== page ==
If someone is planning to retire with plans of transferring the real estate asset to family members, he/she should conduct an environmental site assessment to ensure that they are covered from environmental liability.

4. Necessitated by a regulatory agency

If a regulatory agency suspects that toxic conditions prevail on the property or land, it may order the owner to perform an environmental site assessment. Moreover, in case of a municipal body request for a change of authorization related to property usage or other discretionary land usages, the municipal body will require an environmental site assessment to be performed.

5. Desired by existing owners

The existing property or business owners may want to identify the toxic history of the real estate asset.

Phases of Environmental Site Assessment

Phase I

The due diligence process starts by carrying out a Phase I or Level I environmental site assessment, an analysis of recent and past events at and around the property to determine possible or current environmental pollution obligations. The Level I ESA may be requested by a bank or other financial entity during the borrowing period or advised by the business advisors.

The Level I environmental site assessment aims to collect appropriate evidence to provide an unbiased expert opinion on the environmental status of the property and to recognize the real or possible environmental pollution that may have an effect on the valuation of the property or have an effect on the innocent property owner after purchase.

The Phase I environmental site assessment involves the following:

  1. Review historical documents to determine past use. Review the public documents, such as fire insurance maps, historical aerial photos, topographic maps, and historical city directories.
  2. Conduct site visits and investigation to observe present and historical conditions and usages of the land and related properties.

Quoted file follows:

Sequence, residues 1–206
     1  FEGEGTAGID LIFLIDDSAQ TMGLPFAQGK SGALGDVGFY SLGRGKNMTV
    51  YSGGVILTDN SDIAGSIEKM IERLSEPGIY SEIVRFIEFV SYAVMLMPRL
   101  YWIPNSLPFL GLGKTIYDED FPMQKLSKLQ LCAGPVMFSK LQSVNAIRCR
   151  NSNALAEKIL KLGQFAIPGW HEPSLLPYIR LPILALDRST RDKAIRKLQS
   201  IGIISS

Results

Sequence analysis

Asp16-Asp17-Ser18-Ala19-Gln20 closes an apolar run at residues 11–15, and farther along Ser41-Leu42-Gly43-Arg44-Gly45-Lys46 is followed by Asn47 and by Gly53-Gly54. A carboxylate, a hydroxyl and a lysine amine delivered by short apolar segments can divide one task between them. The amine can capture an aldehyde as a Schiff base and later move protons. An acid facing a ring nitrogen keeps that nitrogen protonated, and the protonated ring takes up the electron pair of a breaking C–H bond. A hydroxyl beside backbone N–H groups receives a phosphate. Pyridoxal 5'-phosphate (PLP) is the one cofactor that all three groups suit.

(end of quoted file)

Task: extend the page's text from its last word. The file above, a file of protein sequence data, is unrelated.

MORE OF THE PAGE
3. Interview the present and former property owners, managers and tenants, or those who are familiar with the land.
  4. Review regulatory records for the site and surrounding properties. Also review the federal, state, territorial, and municipal regulatory databases, such as the underground storage tanks (USTs), overground storage tanks (ASTs), suspected or known release incidents, storage of toxic substances, and management of hazardous waste, including petroleum goods, and administrative and engineering controls.

The Level I environmental site assessment does not involve real sub-surface samples, such as groundwater and dirt. There is, moreover, a requirement to be followed under the American Standard for Monitoring and Components or ASTM, which involves addressing the issues associated with soil vapor degradation and the possibility of vapor migration posing a danger to on-site and off-site tenants.

Environmental Professionals analyze the study to determine possible environmental hazards to the land, such as existing or past activities that are documented or believed to have used toxic chemicals or petroleum products in on-site operations. After Phase I ESA is finished, the EP will summarize the issues found on the property and make suggestions as to what steps are taken to resolve the issues.

A recognized environmental condition (REC) shows either familiar contamination or the subsurface’s potential to be affected by contamination. Whenever a REC is identified, it is often followed by a recommendation for Phase II ESA.

Phase II

Phase II of the environmental site assessment requires collecting soil, groundwater, or building materials samples to examine different pollutants. It offers a clearer understanding of the soil’s state, the groundwater, and the property structures. When Phase I discovers possible environmental concerns, it typically prompts further actions.